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Published 23 February 2018
The Government Chief Whip recently released a list of the Government's legislative priorities for the Spring/Summer Oireachtas term.
From a regulatory perspective the below list is similar to our previous update in this area. While this is the case it must be borne in mind that the below is only a small representation of the legislation before the Oireachtas. Many of the bills set out below are now well into the formative stages in the Houses of the Oireachtas. The key changes since the last update are as follows:
A total of 49 bills have been prioritised for publication in the Spring/Summer Session, including:
This started life as a Health (Miscellaneous Provisions) Bill back in December 2015 with pre-legislative scrutiny conducted at that stage and again in December 2016. The revised title more accurately reflects the changes being introduced with the purpose of the bill being to amend the legislation relating to the Medical Council, the Dental Council, CORU, the Pharmaceutical Society and the NMBI as well as amending the Health Acts of 1953 and 2004.
One of the amendments is to provide for the availability of an appeal against "minor" sanctions being imposed against a regulated professional. Currently, an appeal to the High Court is not available if a registrant wishes to challenge the imposition of an advice, admonishment or censure. This point has been raised before the Courts on a number of occasions, most notably in the case of Corbally v. the Medical Council.
Other matters to be addressed by the bill include the transposition of Directive 2013/55/EU on the recognition of professional qualifications and the action to be taken by a regulator if a person has been prohibited / restricted from practising in another county.
Please see our separate detailed alert on this topic.
The heads of bill were approved in March 2017 and pre-legislative scrutiny has also taken place but this is not designated as a priority for the government in the current session. This will update the 1958 Act and is intended to "ensure that the principles of good governance and regulation are clearly laid down in primary legislation". Among the main amendments will be:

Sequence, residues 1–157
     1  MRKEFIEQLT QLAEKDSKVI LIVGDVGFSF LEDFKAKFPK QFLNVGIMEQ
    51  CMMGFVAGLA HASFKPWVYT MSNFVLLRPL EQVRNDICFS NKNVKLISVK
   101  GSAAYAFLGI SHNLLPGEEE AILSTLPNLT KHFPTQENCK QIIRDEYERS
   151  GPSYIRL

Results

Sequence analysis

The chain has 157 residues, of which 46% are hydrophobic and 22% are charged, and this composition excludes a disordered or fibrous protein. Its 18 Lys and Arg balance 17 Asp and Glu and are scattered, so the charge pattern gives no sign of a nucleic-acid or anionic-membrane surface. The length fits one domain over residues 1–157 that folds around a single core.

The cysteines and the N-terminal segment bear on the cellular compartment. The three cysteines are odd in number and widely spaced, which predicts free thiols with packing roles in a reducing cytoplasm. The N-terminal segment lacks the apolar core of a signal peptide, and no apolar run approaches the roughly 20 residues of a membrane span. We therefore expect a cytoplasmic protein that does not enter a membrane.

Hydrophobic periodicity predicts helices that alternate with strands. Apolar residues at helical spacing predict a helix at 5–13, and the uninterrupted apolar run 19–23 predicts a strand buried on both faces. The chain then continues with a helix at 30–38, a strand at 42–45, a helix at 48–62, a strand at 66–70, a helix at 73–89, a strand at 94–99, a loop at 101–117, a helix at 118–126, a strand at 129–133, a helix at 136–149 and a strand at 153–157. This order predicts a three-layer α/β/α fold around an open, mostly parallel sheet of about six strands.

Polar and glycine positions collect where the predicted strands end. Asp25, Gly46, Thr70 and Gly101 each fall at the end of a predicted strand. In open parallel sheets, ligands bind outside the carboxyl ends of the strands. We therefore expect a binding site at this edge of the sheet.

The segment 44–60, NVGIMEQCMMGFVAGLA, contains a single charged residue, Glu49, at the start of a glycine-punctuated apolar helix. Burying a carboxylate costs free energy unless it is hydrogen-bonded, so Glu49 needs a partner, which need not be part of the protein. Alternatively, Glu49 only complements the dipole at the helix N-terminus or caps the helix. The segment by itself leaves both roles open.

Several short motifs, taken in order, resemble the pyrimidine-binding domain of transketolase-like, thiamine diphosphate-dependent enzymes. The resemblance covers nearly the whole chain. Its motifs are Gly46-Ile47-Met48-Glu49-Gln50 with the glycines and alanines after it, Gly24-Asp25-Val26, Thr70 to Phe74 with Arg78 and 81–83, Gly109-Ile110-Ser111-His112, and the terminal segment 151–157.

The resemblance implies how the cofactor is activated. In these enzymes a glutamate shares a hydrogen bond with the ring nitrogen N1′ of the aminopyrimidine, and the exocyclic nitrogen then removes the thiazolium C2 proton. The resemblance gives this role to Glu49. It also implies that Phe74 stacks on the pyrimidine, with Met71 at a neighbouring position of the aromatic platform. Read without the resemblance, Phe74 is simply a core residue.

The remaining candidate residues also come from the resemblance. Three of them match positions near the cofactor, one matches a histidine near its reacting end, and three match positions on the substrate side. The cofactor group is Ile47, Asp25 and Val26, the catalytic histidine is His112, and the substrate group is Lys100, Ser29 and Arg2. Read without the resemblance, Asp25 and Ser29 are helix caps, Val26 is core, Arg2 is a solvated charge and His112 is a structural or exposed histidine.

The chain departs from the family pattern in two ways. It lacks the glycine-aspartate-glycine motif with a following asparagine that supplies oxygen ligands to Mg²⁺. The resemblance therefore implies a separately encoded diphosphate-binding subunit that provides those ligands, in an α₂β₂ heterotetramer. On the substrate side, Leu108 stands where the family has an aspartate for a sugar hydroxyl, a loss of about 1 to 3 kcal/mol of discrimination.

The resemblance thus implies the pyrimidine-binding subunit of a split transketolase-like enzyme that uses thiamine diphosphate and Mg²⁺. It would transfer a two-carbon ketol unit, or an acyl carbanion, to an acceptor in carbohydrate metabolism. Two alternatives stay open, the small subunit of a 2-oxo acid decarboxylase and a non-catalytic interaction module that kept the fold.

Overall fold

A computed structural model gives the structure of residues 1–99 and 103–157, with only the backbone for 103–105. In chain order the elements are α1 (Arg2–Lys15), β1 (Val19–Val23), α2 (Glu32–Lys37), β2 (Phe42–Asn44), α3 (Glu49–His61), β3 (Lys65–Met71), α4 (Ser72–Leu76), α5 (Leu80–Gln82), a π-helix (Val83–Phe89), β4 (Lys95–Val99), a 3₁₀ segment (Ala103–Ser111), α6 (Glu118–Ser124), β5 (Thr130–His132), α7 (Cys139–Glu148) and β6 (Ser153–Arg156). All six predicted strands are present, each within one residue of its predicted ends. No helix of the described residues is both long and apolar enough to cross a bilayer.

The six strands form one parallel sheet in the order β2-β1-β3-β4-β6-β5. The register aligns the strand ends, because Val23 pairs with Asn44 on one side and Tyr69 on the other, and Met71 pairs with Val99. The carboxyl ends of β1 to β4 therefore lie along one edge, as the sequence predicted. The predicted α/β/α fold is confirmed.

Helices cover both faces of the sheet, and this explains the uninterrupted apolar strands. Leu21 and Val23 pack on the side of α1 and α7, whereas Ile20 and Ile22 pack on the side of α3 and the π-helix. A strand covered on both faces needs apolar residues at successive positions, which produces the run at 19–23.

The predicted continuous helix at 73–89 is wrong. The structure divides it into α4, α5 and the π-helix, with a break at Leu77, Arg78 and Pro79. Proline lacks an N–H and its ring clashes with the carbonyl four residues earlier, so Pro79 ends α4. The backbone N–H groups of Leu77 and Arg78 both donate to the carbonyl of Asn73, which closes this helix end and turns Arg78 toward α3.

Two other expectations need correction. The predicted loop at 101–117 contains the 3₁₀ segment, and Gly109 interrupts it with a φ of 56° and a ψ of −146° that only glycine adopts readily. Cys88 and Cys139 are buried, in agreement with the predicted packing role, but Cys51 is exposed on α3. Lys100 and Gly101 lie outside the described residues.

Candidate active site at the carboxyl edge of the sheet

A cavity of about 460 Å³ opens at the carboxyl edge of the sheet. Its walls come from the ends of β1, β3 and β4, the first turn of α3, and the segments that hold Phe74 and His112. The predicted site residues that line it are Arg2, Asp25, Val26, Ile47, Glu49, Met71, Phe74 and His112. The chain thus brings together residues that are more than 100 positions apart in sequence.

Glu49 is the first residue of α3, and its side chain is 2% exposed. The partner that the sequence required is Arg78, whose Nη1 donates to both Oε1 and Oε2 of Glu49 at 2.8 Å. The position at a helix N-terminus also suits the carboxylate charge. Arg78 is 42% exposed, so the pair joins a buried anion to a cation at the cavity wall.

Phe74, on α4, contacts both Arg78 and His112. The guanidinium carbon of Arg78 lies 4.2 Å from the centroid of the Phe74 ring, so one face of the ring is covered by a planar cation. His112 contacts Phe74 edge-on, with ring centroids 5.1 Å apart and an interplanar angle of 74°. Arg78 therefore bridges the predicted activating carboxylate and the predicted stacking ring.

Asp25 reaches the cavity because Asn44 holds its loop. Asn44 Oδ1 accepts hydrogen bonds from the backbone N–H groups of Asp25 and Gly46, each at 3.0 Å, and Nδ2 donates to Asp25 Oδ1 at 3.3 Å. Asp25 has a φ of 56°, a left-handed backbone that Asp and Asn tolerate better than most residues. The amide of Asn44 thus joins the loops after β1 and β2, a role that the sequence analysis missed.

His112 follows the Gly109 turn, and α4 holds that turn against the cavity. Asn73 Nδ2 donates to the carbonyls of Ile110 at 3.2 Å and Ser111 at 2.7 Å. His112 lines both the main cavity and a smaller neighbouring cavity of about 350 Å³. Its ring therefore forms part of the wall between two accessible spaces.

Work is said to be underway on amending the 1990 Act which will give the representative associations of An Garda Siochana (the Garda Representative Association ("GRA") and the Association of Garda Sergeants and Inspectors ("AGSI") access to the workplace relations commission and the Labour Court.
The proposed legislation was mentioned to the Dáil by the then Taoiseach in November 2016 where he noted that he had instructed the Attorney General to move as quickly as possible to put the required legal frameworks in place. It was reported earlier this year that this legislation would not be in place until the end of 2017 at the earliest but as no heads of bill are approved at this stage and the fact that it does not appear in a priority list, it seems highly unlikely that there will be any significant progress by the end of this year.
The Bill is to adopt recommendations made by the Copyright Review Committee in its report "Modernising Copyright: The Report of the Copyright Review Committee #CRC13". The Bill is intended to modernise the area of copyright law in Ireland. It is designed to specifically provide for stronger rights for copyright owners and provide for changes identified by the Copyright Review Committee in its report.